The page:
A new section of jamb is installed to to repair the rotted door frame. This project is continued from How to Repair a Rotted Exterior Door Frame.
Rotted Exterior Door Frame Splice Repair
I purchased a new exterior door frame leg (door jamb) to cut off the end for the repair splice:
The front side of the new jamb. This door jamb has sill plate bevels on both ends so there wasn’t the left- or right-hand only part issue:
I measured and cut the end off the new door jamb to make the repair splice using the miter saw for precision cuts. The brick moulding must be removed because the new piece has to be inserted from the front of the wall into the pocket:
Door jambs are shimmed during the original installation to align the frame. The repair splice therefore sits too deep out of alignment with the main jamb:
Wedge shaped shims would be clumsy on this small piece and it would probably never be even. I decided self-stick flashing tape would be ideal shim material. It’s about 1/16th inch thick and I can build up the thickness with several layers:
I cut the flashing tape with scissors and stuck it to the face of the 2×4 wall stud:
Optional: Because it’s a chilly day I gently warmed each layer of flashing tape after sticking it on with an electric heat gun on the lowest setting so it would adhere better. Take care to heat the tape to not more than about 80°F or 90°F while you smooth it out:
Four or five layers of flashing tape was enough to shim the jamb repair splice. The piece now seats slightly beyond the face of the main jamb. This is OK because when I push inward on the splice it’s flush and will be so when nailed it in place:
Nail the Jamb Repair Splice
The jamb repair slice is fastened with 2 inch brad nails. You can hand nail it with finishing nails but the work piece tends to bounce out of alignment with each hammer blow, whereas a brad nailer is instantaneous and silky smooth with no jarring:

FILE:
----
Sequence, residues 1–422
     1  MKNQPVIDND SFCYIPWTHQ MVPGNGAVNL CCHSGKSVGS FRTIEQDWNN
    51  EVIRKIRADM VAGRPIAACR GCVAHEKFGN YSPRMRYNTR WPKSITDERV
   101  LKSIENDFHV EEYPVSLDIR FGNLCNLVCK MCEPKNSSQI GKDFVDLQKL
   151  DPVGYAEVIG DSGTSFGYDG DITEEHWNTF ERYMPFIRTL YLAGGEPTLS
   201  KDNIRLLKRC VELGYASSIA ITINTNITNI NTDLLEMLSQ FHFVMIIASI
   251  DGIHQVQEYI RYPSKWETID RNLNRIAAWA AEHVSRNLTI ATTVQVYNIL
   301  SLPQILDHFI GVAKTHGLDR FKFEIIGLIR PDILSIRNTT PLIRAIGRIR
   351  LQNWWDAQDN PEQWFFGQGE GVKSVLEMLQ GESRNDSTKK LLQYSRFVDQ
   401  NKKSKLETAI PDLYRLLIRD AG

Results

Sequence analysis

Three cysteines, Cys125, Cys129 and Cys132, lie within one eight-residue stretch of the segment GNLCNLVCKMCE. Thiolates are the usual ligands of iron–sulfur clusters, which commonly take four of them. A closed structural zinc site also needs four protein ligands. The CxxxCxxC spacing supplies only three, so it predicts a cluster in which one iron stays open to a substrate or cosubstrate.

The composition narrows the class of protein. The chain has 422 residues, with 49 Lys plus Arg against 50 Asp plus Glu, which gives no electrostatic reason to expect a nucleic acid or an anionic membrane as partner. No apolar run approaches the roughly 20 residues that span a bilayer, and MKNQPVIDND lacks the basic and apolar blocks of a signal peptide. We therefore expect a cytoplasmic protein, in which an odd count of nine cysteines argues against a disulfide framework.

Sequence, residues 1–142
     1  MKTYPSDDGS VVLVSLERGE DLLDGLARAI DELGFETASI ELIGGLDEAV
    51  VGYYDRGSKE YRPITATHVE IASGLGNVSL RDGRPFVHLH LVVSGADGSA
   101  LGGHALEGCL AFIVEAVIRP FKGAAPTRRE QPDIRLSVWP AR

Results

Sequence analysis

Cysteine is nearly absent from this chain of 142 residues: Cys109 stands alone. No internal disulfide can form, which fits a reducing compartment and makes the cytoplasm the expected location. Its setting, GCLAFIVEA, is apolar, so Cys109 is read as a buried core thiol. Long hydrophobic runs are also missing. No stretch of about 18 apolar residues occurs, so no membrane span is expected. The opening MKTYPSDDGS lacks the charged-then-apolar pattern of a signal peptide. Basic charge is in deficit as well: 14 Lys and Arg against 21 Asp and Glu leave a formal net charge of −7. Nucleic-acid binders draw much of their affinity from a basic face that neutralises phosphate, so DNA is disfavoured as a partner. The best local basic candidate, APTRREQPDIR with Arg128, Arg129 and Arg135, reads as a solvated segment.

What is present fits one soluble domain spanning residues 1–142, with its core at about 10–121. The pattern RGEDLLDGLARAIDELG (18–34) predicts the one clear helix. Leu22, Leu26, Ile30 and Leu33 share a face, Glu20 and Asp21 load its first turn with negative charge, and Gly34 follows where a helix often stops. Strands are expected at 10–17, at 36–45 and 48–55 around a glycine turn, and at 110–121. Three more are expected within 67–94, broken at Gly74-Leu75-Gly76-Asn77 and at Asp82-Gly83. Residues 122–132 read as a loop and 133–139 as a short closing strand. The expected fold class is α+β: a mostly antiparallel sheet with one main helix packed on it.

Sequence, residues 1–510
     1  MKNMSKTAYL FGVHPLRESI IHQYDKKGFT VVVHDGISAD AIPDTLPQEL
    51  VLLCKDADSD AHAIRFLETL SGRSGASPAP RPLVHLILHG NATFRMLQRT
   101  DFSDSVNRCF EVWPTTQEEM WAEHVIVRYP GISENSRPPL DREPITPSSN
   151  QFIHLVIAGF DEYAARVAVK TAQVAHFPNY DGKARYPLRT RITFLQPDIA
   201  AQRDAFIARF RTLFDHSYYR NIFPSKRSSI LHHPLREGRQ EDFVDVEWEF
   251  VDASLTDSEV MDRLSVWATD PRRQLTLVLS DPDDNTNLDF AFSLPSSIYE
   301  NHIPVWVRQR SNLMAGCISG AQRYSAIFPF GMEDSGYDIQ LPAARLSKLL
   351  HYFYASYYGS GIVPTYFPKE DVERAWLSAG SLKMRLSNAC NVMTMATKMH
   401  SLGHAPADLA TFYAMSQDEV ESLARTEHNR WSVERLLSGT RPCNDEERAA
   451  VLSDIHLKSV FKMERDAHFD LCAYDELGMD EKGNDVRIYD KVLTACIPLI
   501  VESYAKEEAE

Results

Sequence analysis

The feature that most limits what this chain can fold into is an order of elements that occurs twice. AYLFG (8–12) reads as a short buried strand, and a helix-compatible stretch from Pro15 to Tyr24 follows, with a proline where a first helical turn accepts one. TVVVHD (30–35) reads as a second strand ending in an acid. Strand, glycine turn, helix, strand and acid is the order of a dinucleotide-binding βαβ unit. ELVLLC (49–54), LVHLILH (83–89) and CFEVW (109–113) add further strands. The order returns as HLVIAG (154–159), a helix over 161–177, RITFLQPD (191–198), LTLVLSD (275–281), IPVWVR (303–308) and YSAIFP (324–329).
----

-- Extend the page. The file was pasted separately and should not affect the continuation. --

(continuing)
Sand the Jambs
The high spots are sanded smooth with a sanding block to blend the repair slice:
Window and Door Expanding Foam Void Fill
The void is filled with GREAT STUFF Window & Door expanding foam. Be sure to use only “window & door” foam which is minimally expanding and won’t bow or bend the jamb, sill plate and wall:
Door Flashing Tape
I cut a long strip of self-stick flashing tape to cover the gap between the door jamb and foam board insulation. Ideally the flashing tape would be tucked under the edge of the lap board siding, however the HardiePlank cement board siding is tightly nailed to the wall and prying it loose would crack it. The best I could was butt the edge of the tape against the siding:
Install New Brick Moulding
I bought a stick of PVC brick moulding and cut it to length on the compound miter saw using the old brick moulding as guide. The brick moulding is fastened with 2 inch brad nails into the jamb and spaced about 8 inches apart:
The expanding foam is squeezing out at the bottom corner in the above photo. This is good. Use a putty knife to wipe off excess foam while it’s still green and uncured.
Caulk the Seams
The old jamb rotted because the caulk seam failed. It’s important to use a high quality exterior silicone caulk that stays flexible year after year. I prefer GE Silicone II paintable caulk. The paintable version is necessary to paint the jamb and brick mould the same color as a house trim.
I caulked the seam between the sill and jamb, then along the length of new brick mould. Also caulk the along the bottom end of the brick mould. The 3-in-1 caulk tool does a great job finishing the seams:
PVC brick mould after caulking the seam with the HardiPlank siding:
Install new Door Weatherstripping
After the caulk is fully cured, new weatherstripping is installed. I bought a 7 foot length of Frost King DS7B. It’s simple to install, measure, cut with scissors and press it in the slot of the door jamb.
New weatherstripping and door frame repair splice:
Door Corner Seal
Door corner seals are self-stick vinyl foam wedges to keep out rain, which caused the paint to peel on the door edge. 4-pack costs less than $5 and is available at the home improvement store:
The rotted door frame repair looks good after feathering the splice joint with a 2nd thin layer of caulk and painting:
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